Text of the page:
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Commentary | JOHN BALZAR

The Turtles, the Racehorses and the Joy of Aggravation

November 18, 2001|JOHN BALZAR

Finally, I have an answer.

I won't say I'm comforted by it, but at least I don't have to keep wondering what's going on.

The question was: Why are so many otherwise normal people addicted to aggravation? In particular, why do they listen to talk radio programs that give them fits? Why do they tear their hair out watching the blowhards on so-called public affairs television and then tune in again next week?

For the longest time, I couldn't fathom this.

You see, I don't watch anything but news on TV, and in fact did not even own one until Sept. 11. I listen to books on my car stereo. So I have little firsthand experience on which to draw.

But I bump into the phenomenon all the time: Family, friends and acquaintances tell me about some outrageous character who said the most maddening things. Thereupon, a strange ritual occurs. I am expected to listen as the offending program is recited, practically verbatim--maybe once, sometimes twice.

It can be Rush Limbaugh or Larry King or G. Gordon Liddy or Howard Stern or any number of local "personalities" I'm not familiar with.

My friends are incredulous. I mean can you believe what so-and-so said? And last week it was even worse ... sputter, sputter.

Often these rants are accompanied by actual impersonations. Whatever tic or mannerism a broadcast personality employs to add to the listener's exasperation is mimicked.

For a while I tried asking, why don't you turn off the box? Or switch channels?

But I stopped doing that when my friends looked at me as if I were spoiling their fun. I was afraid they wouldn't invite me over anymore. So now I try to be polite and pretend to care. My, you're right, that really is the stupidest thing to say. Smile.

Does this behavior make sense, folks?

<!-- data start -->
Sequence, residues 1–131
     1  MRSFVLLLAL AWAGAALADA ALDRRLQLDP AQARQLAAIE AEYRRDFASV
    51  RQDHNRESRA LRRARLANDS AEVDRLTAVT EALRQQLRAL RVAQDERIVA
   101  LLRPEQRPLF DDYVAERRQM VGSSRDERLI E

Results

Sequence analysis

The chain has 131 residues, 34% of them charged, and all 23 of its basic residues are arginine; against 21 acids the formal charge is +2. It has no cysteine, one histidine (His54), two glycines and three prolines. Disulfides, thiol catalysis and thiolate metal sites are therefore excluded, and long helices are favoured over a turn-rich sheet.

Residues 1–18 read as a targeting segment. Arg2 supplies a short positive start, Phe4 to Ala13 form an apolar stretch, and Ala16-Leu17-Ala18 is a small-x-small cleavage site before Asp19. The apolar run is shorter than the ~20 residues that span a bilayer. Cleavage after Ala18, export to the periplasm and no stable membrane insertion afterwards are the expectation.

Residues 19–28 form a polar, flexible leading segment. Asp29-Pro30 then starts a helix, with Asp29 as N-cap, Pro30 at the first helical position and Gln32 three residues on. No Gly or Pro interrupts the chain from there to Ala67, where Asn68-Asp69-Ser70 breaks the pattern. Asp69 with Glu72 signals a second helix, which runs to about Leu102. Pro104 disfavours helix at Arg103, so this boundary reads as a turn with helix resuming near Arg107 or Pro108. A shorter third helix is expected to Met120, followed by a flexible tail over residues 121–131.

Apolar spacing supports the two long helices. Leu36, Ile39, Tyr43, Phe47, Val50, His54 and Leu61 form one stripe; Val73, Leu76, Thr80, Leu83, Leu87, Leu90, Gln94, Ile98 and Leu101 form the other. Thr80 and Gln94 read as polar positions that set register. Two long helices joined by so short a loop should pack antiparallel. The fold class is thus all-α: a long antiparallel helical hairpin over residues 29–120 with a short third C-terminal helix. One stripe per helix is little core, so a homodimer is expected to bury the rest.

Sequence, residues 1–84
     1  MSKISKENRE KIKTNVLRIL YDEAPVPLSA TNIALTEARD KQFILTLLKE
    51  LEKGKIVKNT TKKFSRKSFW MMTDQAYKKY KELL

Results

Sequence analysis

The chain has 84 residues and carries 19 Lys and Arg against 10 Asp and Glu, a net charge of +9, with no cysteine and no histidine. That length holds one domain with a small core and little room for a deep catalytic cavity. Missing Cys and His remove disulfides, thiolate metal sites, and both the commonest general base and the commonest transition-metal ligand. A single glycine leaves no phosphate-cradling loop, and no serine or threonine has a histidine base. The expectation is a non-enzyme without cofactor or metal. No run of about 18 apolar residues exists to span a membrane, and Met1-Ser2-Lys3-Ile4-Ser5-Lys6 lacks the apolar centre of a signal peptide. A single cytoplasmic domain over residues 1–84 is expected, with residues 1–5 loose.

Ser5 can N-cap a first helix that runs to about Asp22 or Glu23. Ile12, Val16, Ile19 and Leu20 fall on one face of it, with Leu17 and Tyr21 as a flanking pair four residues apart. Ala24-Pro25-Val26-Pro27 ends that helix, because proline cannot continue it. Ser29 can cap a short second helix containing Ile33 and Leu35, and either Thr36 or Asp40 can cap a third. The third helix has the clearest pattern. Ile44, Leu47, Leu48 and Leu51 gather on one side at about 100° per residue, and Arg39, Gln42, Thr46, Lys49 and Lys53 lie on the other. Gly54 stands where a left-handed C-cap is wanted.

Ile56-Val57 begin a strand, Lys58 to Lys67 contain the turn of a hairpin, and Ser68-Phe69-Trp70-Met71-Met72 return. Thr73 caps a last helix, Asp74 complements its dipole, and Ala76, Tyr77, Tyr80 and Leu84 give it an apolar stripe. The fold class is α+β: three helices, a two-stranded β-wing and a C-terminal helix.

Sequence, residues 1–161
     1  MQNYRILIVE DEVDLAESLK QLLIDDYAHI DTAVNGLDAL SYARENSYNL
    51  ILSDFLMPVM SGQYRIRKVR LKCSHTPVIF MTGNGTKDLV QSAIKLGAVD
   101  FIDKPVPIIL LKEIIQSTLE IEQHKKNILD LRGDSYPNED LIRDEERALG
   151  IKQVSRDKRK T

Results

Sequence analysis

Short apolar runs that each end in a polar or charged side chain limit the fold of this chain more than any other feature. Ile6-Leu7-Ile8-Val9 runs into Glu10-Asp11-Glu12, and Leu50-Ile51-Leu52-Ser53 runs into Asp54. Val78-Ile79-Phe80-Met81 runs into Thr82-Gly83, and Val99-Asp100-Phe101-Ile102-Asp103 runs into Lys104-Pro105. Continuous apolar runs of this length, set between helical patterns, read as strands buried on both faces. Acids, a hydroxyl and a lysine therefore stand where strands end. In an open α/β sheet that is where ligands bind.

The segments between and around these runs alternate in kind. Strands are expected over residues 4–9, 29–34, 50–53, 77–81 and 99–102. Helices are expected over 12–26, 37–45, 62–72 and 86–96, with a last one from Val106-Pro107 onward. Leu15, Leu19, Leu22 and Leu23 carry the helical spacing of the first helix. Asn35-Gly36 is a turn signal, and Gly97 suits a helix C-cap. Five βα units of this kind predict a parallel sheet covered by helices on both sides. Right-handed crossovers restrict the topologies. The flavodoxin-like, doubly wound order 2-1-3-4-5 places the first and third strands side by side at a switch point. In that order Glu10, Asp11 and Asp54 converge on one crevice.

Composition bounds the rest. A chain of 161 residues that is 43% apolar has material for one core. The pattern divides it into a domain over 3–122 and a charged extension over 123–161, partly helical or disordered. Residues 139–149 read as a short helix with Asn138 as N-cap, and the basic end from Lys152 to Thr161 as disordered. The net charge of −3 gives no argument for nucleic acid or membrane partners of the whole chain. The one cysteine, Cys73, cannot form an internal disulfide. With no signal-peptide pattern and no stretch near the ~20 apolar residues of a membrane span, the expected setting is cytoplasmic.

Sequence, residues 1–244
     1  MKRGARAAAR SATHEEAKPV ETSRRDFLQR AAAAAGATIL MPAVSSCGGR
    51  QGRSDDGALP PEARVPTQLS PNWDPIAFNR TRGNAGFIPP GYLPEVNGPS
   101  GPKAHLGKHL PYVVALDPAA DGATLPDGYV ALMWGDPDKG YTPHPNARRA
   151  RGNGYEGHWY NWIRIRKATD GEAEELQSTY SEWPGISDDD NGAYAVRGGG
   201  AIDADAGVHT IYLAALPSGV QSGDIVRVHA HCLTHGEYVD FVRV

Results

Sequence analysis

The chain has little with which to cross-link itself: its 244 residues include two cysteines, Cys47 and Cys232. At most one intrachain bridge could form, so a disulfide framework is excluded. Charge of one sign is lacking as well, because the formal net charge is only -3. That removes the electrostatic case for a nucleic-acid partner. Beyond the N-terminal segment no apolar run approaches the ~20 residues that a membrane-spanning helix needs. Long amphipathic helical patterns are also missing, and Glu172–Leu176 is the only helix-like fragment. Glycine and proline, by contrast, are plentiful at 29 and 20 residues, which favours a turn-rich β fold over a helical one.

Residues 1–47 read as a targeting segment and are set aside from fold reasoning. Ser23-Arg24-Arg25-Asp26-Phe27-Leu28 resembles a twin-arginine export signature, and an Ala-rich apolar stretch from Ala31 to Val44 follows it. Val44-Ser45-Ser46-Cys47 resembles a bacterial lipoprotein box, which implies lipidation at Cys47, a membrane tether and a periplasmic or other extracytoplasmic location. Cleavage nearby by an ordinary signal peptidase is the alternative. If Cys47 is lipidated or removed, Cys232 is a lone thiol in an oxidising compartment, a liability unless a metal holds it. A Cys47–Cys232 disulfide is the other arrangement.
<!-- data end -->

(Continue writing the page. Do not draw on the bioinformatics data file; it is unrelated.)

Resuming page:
Actually, I'm afraid it does.

Dr. Marvin Dunn, chair of the psychology department at Florida International University, has answered my question. Why do people subject themselves to radio and television that incenses them?

They do it because it makes them feel better.

Like joggers, the pain of the experience releases chemicals that bring pleasure, the good doctor says. Dunn sounds like he knows his business, having taught "human motivation" for more than 30 years.

"So, why would a person watch a talk-show host whom they hated? Well, why do people go into haunted houses at state fairs or jump out of airplanes? After all, these are stress-producing events," the doctor says. "I think the answer is that not all stress is experienced as negative .... In fact, the experience of stress releases endorphins into the body. These are the body's own hormones which cause us to be able to feel pleasure."

Ah ha, so that's where we get the term TV junkie.

I am tempted to say that life must be pretty dull down on the ranch if you have to pound your head on the tube for relief. But Dunn saves me the trouble:

"Another part of the answer relates to the fact that human beings experience boredom as stressful, indeed so much so that when bored, we will do virtually anything to relieve it."

Even listening to Rush Limbaugh, I guess.

Yes, Dunn continues. "Getting emotionally riled up by some personage we dislike is a way of fighting off intellectual, physical and emotional boredom."

Up to this point, I have been feeling pretty smug about my encounter with Dr. Dunn. Pity my friends. They're working themselves into a froth as a way to relieve the aching boredom of their lives. Maybe I'd better start keeping watch overhead. They'll be parachuting out of airplanes next.

However, Dunn suggests I hold back on the self-congratulations.

There is a personality type for those personality-show listeners--people who "thrive on stress and are only happy with a vigorous, fast-paced lifestyle." The doctor informs me that psychologists call these people society's "racehorses."

Wait a minute. I want a happy, vigorous, fast-paced lifestyle too. Who doesn't? What about me if I'm not a racehorse?

Well, there is another personality type. These are people "who in order to be happy, require peace, quiet and a generally tranquil environment."

OK, so what do they call us?

"Turtles," he said.

Well excuse me. Think I'll crawl back in my shell right now and watch out for flying hooves.

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